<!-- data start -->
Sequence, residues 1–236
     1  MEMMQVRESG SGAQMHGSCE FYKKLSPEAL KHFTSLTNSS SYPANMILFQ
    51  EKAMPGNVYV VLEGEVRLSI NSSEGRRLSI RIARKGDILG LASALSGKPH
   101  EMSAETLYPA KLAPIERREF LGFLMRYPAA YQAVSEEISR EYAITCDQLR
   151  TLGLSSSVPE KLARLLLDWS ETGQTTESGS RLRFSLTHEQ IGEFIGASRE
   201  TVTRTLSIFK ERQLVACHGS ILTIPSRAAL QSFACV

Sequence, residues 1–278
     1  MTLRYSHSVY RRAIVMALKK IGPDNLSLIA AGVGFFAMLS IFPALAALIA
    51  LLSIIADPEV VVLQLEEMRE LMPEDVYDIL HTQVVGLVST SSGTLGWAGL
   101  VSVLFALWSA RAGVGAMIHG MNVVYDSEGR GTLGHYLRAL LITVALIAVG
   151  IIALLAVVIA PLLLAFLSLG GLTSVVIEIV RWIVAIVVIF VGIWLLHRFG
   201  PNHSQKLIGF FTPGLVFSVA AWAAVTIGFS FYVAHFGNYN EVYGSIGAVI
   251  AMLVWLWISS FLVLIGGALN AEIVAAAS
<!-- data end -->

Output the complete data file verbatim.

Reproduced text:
Sequence, residues 1–236
     1  MEMMQVRESG SGAQMHGSCE FYKKLSPEAL KHFTSLTNSS SYPANMILFQ
    51  EKAMPGNVYV VLEGEVRLSI NSSEGRRLSI RIARKGDILG LASALSGKPH
   101  EMSAETLYPA KLAPIERREF LGFLMRYPAA YQAVSEEISR EYAITCDQLR
   151  TLGLSSSVPE KLARLLLDWS ETGQTTESGS RLRFSLTHEQ IGEFIGASRE
   201  TVTRTLSIFK ERQLVACHGS ILTIPSRAAL QSFACV

Sequence, residues 1–278
     1  MTLRYSHSVY RRAIVMALKK IGPDNLSLIA AGVGFFAMLS IFPALAALIA
    51  LLSIIADPEV VVLQLEEMRE LMPEDVYDIL HTQVVGLVST SSGTLGWAGL
   101  VSVLFALWSA RAGVGAMIHG MNVVYDSEGR GTLGHYLRAL LITVALIAVG
   151  IIALLAVVIA PLLLAFLSLG GLTSVVIEIV RWIVAIVVIF VGIWLLHRFG
   201  PNHSQKLIGF FTPGLVFSVA AWAAVTIGFS FYVAHFGNYN EVYGSIGAVI
   251  AMLVWLWISS FLVLIGGALN AEIVAAAS